Effective regulatory policies, ample renewable energy potential, and a favorable business climate have led to a boom in wind farms and solar energy projects in Texas. Using a large sample of 15-min data for the six-year period of 2016–2021, we analyze per MWh revenues from solar generation and wind generation in the renewable regions of the Electric Reliability Council of Texas (ERCOT). We find that average regional revenues from variable renewable energy (VRE) for the daytime hours of 07:00–19:00 exceed the average levelized price of recently signed solar and wind power purchase agreements (PPAs), although average regional revenues for wind generation for the nighttime hours of 19:00–07:00 were lower than recent PPA prices. Moreover, VRE's 15-min regional revenues move with ERCOT's cap on the real-time market's energy price offers, regulatory price adder, daily wholesale natural gas price, 15-min nuclear energy generation, 15-min system load, 15-min regional solar energy and 15-min regional wind energy. While continued VRE development may suppress wholesale market prices, continued growth in electricity demand and increasing natural gas prices provide offsetting effects. Nevertheless, new policies are under development to mitigate the adverse effects of further VRE development on grid reliability and generation investment incentive.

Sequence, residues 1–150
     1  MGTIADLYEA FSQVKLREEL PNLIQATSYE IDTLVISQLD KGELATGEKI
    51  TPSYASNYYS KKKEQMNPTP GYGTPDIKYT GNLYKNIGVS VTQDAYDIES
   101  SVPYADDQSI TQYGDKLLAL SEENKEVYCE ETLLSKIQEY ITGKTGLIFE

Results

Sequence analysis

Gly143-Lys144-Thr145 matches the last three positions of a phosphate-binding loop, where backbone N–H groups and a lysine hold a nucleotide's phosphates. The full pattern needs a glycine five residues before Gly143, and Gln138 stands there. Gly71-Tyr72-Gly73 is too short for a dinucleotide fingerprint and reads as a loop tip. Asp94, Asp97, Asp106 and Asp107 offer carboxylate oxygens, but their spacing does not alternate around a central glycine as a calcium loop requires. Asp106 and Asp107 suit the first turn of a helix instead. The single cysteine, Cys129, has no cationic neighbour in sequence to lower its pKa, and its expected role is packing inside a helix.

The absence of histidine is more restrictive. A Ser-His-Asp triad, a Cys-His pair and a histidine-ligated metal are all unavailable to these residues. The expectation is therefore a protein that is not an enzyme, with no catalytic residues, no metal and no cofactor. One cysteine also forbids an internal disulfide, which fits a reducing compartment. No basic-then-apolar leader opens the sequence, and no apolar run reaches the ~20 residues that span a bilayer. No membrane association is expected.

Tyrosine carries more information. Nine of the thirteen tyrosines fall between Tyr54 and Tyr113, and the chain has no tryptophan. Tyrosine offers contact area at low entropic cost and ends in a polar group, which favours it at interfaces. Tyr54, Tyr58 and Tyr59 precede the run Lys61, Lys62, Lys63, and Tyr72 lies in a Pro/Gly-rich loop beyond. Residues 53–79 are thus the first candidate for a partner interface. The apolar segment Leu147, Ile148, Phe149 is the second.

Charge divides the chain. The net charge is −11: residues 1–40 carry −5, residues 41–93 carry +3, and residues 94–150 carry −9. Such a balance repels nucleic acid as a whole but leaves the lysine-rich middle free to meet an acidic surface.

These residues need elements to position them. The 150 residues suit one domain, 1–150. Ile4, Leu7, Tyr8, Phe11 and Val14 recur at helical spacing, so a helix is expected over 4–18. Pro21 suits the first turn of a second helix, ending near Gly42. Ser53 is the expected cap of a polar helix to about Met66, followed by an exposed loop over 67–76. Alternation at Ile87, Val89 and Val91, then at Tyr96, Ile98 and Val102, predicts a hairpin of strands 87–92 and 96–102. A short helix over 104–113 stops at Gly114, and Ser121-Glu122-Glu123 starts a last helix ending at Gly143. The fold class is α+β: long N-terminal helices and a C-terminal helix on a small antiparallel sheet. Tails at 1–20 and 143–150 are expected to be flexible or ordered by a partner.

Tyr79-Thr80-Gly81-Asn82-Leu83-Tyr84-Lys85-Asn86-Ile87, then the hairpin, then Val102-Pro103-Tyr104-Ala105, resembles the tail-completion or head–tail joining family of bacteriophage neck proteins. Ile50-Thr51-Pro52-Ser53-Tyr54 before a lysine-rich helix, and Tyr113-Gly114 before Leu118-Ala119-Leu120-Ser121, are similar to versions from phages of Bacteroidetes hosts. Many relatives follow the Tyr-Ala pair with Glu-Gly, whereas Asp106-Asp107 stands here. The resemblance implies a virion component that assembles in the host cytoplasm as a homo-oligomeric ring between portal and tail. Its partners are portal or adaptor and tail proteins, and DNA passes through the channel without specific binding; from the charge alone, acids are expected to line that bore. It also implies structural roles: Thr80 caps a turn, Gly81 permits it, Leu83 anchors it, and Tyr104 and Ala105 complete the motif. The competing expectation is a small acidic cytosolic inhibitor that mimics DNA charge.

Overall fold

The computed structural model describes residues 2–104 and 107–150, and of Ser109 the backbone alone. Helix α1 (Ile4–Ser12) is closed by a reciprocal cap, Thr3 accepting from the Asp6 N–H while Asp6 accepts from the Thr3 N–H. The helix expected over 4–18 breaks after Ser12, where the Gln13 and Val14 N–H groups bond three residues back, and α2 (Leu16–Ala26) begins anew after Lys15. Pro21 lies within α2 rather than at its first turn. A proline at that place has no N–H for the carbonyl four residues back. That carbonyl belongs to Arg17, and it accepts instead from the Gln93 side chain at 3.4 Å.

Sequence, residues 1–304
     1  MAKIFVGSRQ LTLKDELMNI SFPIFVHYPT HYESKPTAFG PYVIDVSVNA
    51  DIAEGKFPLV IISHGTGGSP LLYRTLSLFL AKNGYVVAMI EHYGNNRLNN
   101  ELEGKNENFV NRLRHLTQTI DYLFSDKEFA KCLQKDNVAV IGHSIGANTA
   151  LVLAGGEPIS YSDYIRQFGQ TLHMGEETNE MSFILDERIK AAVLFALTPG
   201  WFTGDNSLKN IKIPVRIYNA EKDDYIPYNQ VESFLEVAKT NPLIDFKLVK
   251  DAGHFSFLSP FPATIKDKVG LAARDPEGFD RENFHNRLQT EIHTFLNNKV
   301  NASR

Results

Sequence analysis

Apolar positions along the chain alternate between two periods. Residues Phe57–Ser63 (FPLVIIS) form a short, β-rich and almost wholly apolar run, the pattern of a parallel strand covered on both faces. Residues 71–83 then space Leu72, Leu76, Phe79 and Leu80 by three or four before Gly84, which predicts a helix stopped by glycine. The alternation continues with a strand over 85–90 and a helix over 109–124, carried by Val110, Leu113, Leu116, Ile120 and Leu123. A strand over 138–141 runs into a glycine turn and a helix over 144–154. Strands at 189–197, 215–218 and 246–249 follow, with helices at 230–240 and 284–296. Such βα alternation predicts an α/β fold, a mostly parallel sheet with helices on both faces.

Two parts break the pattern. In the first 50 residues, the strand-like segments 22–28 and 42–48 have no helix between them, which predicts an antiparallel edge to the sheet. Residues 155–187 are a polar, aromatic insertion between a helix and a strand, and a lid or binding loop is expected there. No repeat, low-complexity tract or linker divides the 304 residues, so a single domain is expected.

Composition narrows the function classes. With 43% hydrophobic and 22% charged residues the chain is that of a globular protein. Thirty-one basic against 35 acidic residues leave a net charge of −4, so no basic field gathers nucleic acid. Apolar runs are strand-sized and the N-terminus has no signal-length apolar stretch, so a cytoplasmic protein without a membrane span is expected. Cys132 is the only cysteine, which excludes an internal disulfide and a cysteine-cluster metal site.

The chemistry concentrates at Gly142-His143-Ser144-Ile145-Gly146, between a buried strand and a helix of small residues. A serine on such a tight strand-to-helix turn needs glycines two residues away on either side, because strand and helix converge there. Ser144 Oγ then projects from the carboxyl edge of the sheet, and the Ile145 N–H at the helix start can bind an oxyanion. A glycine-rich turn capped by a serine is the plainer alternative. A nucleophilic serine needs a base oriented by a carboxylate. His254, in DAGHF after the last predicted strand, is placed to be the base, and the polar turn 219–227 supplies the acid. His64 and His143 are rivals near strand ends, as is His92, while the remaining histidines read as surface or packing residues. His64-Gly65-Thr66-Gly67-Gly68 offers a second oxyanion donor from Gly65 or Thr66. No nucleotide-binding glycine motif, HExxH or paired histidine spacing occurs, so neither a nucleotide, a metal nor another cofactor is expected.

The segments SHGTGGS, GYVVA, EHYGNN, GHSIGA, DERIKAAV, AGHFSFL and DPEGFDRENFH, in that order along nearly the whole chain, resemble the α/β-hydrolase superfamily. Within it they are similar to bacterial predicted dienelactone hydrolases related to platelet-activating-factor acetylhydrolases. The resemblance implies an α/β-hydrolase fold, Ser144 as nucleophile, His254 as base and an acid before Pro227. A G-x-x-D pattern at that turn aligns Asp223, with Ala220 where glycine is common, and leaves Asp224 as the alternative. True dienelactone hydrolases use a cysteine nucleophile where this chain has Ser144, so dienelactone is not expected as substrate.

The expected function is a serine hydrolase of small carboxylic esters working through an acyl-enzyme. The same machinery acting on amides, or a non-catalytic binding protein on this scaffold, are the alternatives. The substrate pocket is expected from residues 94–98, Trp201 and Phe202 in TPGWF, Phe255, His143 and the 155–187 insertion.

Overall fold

Scopus Subject Areas
- Management, Monitoring, Policy and Law
- Regional revenues
- Solar generation
- Wind generation
- Merit order effect
- Renewable generation development